We appologise to all our visitors to the blog for some technical problems we’ve been having – but it’s all sorted now I think!

We gleaned some mangoes from our roadside tree and that’s kept us going too – as well as our neighbours free range chook eggs from her pampered pets (thanks Nora!). Lunch is getting more simple for those at home – mango, cucumber and bunya nuts today. We were too busy to bother trying for a more complicated fare!

The bunya nut breakfast porridge is getting more finess – Dave boiled and blended it and it became quite thick and creamy! I think this is a recipe we’ll be revisiting!

Dave is now experimenting with blending boiled sugar cane we’ve grown. Jim has made a quiche for dinner (now he’s a real man!) using flour made from bunya nuts – we’ll see how that goes….

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Day Three!

Well necessity is the mother of invention! Ben decided to cut up and soak some roasted bunya nuts overnight for breakfast. He cooked it up, we added honey and banana … and it was very nice! That’s breakfast sorted for the next four days! (Whew!) It was salad, boiled egg and bunya nuts for lunch. I’m feeling very indigenous at the moment with all our bunya consumption. Dinner was madagascar beans and vegies, salad, and boiled taro. Then Jim had cut some sugar cane, put it in the blender with boiling water, then strained it, added it to rubarb and cooked it up. Then we topped it with blended bunya nuts for a crumble dessert. Dave had three servings!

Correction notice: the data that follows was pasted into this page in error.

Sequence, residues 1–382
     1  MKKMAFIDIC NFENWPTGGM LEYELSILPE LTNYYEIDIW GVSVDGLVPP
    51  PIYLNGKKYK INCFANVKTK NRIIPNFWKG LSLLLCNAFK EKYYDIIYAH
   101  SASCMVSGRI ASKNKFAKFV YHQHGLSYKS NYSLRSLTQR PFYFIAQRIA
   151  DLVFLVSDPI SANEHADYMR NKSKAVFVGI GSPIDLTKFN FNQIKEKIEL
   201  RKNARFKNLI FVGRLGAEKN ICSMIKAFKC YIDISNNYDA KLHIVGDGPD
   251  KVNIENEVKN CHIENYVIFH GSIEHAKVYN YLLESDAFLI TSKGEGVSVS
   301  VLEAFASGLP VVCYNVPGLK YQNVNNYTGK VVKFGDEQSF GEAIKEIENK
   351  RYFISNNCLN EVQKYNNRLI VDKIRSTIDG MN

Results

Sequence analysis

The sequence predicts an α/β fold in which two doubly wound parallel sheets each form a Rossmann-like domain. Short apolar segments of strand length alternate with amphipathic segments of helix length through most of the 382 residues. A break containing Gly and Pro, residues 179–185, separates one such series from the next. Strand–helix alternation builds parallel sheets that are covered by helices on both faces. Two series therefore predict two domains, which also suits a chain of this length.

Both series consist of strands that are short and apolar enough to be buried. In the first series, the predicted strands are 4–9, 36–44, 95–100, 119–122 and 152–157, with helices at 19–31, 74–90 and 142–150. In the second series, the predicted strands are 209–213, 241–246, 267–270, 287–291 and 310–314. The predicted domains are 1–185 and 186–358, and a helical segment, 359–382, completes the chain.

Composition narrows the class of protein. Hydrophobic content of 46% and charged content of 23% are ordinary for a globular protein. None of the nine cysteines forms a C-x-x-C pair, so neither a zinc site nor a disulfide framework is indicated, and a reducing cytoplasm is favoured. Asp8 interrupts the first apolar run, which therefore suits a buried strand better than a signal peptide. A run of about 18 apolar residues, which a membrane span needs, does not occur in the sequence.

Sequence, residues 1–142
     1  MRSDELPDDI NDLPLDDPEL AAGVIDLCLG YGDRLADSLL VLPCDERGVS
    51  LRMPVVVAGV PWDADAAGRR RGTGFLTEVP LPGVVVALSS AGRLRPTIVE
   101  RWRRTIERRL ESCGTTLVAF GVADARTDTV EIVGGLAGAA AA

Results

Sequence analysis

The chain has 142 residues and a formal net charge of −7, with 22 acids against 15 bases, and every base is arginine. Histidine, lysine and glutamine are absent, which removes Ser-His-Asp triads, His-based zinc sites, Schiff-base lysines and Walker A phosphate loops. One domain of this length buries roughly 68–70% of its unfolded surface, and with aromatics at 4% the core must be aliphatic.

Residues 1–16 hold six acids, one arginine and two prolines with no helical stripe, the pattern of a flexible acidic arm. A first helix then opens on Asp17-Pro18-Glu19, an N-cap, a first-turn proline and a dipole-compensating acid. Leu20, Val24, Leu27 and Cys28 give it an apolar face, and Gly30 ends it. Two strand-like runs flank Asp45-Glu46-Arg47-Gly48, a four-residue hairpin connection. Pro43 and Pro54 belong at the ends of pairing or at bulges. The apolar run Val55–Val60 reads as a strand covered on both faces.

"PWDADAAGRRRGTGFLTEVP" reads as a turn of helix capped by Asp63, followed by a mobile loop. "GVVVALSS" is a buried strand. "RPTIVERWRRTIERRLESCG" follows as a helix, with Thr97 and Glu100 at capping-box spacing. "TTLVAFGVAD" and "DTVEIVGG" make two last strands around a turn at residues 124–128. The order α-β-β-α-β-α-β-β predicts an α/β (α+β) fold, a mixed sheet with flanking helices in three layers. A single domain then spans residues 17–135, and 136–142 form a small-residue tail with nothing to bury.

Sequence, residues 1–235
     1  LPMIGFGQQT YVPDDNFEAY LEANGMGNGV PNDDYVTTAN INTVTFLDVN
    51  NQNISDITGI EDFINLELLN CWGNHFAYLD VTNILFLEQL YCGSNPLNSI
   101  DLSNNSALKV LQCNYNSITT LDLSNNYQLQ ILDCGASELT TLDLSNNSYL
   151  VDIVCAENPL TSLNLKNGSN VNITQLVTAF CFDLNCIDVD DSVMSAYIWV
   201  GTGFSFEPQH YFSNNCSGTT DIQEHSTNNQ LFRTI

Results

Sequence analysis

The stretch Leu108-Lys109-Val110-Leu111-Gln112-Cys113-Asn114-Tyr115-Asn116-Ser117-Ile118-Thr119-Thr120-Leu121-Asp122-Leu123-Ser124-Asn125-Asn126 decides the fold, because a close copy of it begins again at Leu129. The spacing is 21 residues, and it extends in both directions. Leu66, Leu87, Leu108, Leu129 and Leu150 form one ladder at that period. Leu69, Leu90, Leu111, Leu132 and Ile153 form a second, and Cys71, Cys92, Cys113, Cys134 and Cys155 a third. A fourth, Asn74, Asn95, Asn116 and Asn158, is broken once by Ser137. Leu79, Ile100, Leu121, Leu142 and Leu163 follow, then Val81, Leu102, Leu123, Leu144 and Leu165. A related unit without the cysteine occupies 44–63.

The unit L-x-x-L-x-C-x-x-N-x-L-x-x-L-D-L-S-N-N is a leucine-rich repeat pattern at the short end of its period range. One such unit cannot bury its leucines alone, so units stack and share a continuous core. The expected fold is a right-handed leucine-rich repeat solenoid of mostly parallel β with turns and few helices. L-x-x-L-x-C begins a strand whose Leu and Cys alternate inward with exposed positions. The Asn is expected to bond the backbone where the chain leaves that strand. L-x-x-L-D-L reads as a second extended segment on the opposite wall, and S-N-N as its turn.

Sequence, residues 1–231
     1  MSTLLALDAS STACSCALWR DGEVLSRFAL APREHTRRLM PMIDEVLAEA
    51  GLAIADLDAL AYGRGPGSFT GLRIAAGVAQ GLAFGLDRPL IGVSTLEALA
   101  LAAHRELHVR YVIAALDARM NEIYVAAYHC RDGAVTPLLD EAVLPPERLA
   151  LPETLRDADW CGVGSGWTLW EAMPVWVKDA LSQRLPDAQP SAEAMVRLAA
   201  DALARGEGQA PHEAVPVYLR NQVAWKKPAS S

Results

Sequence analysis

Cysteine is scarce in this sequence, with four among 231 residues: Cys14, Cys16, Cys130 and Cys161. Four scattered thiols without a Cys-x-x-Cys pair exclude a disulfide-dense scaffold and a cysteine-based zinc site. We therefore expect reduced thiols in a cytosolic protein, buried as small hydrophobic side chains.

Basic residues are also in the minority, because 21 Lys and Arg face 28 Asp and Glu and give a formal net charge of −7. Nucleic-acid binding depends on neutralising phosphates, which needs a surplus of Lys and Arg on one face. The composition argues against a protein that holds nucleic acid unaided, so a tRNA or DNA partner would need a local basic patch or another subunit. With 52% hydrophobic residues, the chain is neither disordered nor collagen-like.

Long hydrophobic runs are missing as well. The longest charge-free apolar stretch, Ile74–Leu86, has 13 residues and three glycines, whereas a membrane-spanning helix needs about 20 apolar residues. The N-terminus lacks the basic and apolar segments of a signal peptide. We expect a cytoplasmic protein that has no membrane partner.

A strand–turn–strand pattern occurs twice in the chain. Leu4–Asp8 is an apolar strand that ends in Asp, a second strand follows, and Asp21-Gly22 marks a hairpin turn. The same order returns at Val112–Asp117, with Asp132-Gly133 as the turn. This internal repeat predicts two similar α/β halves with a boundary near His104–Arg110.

Teresa and Eleni have broken the fast – the cold cyclonic rain was too much for them – they just had to make some chocolate custard (at least they cooked it themselves I suppose).

Dave reckons God is on our side – walking back from collecting bunya nuts he and Jim found two dragon fruit! We didn’t even know the plant was there…it was interpreted immediately by us as a blessing on our efforts, of course.

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From top left, some of our culinary creations – scrambled egg and arrowroot breakfast; bunya nut porridge; salad lunch; and Ben with the bunya nut crushing fixture in our kitchen!

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Day ONE!!

Well we have had a somewhat successful start to our eating from the garden! Teresa wasn’t home till dinner time, so ate croissants, garlic bread, pesto etc. etc.!! (Shamefull!) However, the rest of us ate arrowroot, egg, banana, salad and roasted bunya nuts, to our hearts content – which wasn’t so bad! Dinner was pumpkin and potato soup, but without salt, and our usual sour creams or coconut milks, it wasn’t up there for flavour really. Eleni’s school lunch of bananas, bunya nuts, and arrowroot with egg and salad, came home mostly uneaten (nothing unusual about that, though, unless she had a chicken sandwich). She ate the bunya nuts. So…. tomorrow’s lunches have been made with cucumber slices between pumpkin patties, and bunya nuts…we’ll see how they go! At least we’re not going hungry yet! There has been some relaxing of the rules, and mangoes gleaned from a tree on the side of the road have been allowed into the diet, as well as our neighbours free range hens eggs. That’s a relief because from our 7 hens we’re only getting one egg a day at the moment!

I DID find a bit of bush pepper, and added some to my salad with a squeeze of lemon juice! I have no idea what we’ll manage for breakfast, though – Jim can worry about that! We’ve been drinking lemon myrtle, Vietnamese mint, and tarragon teas, and different combinations of them. When I work out how, I’ll post some photos!